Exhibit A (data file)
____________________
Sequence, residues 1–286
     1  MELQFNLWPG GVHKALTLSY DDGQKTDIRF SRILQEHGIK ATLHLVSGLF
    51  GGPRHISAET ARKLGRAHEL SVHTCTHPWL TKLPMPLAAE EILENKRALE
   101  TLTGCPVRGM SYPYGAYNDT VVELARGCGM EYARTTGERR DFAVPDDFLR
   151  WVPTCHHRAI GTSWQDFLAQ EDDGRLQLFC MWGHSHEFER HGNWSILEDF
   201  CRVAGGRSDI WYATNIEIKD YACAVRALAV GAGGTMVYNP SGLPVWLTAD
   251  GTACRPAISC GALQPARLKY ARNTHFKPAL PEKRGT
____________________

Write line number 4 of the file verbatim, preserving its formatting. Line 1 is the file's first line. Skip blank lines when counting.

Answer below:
   101  TLTGCPVRGM SYPYGAYNDT VVELARGCGM EYARTTGERR DFAVPDDFLR